Who Owns Most Of Prairie Provident Resources Inc (TSE:PPR)?

In this article, I’m going to take a look at Prairie Provident Resources Inc’s (TSX:PPR) latest ownership structure, a non-fundamental factor which is important, but remains a less discussed subject among investors. When it comes to ownership structure of a company, the impact has been observed in both the long-and short-term performance of shares. If an activist institution invests the same amount of capital in a stock as a passive long-term pension fund, the implications are potentially different for key corporate financing decisions such as the use of excess cash or the source of financing. While these are more of a long-term investor’s concern, short-term investors may find the impact of institutional trading overwhelming enough to lose out on what could be a potential opportunity. Now I will analyze PPR’s shareholder registry in more detail.

See our latest analysis for Prairie Provident Resources
TSX:PPR Ownership_summary Jun 1st 18
TSX:PPR Ownership_summary Jun 1st 18

Institutional Ownership

With an institutional ownership of 57.11%, PPR can face volatile stock price movements if institutions execute block trades on the open market, more so, when there are relatively small amounts of shares available on the market to trade However, as not all institutions are alike, such high volatility events, especially in the short-term, have been more frequently linked to active market participants like hedge funds. For shareholders in PPR, sharp price movements may not be a major concern as active hedge funds hold a relatively small stake in the company. Although this doesn’t necessarily lead to high short-term volatility, we should dig deeper into PPR’s ownership structure to find how the remaining owner types can affect its investment profile.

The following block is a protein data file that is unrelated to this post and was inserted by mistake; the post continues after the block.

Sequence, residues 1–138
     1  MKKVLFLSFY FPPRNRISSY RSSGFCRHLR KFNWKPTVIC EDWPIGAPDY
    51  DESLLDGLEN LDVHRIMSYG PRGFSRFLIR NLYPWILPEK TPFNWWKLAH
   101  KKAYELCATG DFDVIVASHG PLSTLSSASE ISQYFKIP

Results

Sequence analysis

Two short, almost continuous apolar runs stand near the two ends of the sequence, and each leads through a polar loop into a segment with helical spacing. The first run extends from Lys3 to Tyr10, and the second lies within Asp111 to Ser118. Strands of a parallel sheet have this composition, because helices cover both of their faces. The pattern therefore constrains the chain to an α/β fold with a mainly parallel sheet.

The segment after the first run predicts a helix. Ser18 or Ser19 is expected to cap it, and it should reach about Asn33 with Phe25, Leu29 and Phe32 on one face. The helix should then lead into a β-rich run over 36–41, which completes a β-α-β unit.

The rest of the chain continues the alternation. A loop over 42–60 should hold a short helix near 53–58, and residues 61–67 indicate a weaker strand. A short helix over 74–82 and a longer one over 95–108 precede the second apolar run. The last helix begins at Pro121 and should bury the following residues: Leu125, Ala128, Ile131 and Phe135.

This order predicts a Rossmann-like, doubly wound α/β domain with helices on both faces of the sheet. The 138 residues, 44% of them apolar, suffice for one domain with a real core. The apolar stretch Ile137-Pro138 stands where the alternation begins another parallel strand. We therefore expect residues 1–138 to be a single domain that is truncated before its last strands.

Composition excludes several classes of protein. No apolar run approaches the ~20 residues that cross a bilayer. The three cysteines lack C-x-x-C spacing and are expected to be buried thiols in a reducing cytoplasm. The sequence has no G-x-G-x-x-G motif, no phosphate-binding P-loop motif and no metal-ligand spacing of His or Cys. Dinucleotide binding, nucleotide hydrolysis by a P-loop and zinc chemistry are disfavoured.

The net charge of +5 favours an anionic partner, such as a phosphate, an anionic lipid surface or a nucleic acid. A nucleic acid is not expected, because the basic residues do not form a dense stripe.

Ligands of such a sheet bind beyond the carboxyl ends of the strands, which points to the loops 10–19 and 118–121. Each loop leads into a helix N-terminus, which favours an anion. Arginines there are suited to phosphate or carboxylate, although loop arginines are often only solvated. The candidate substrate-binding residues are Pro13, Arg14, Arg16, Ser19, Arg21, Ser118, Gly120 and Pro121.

Insider Ownership

Insiders form another group of important ownership types as they manage the company’s operations and decide the best use of capital. Insider ownership has been linked to better alignment between management and shareholders. With a stake of 1.56%, insiders seem to have some alignment of interest with shareholders. A higher level of insider ownership has been found to reflect the choosing of projects with higher return on investments compared to lower returning projects for the sake of expansion. It would also be interesting to check what insiders have been doing with their shareholding recently. Insider buying can be a positive indicator of future performance, but a selling decision can be simply driven by personal financial requirements.

General Public Ownership

A substantial ownership of 41.33% in PPR is held by the general public. This size of ownership gives retail investors collective power in deciding on major policy decisions such as executive compensation, appointment of directors and acquisitions of businesses. This level of ownership gives retail investors the power to sway key policy decisions such as board composition, executive compensation, and potential acquisitions. This is a positive sign for an investor who wants to be involved in key decision-making of the company.

Next Steps:

The company’s high institutional ownership makes margin of safety a very important consideration to existing investors since long bull and bear trends often emerge when these big-ticket investors see a change in long-term potential of the company. This will allow investors to reduce the impact of non-fundamental factors, such as volatile block trading impact on their portfolio value. However, if you are building an investment case for PPR, ownership structure alone should not dictate your decision to buy or sell the stock. Rather, you should be examining fundamental factors such as Prairie Provident Resources’s past track record and financial health. I highly recommend you to complete your research by taking a look at the following:

  1. Financial Health: Is PPR’s operations financially sustainable? Balance sheets can be hard to analyze, which is why we’ve done it for you. Check out our financial health checks here.
  2. Other High-Performing Stocks: Are there other stocks that provide better prospects with proven track records? Explore our free list of these great stocks here.
NB: Figures in this article are calculated using data from the last twelve months, which refer to the 12-month period ending on the last date of the month the financial statement is dated. This may not be consistent with full year annual report figures.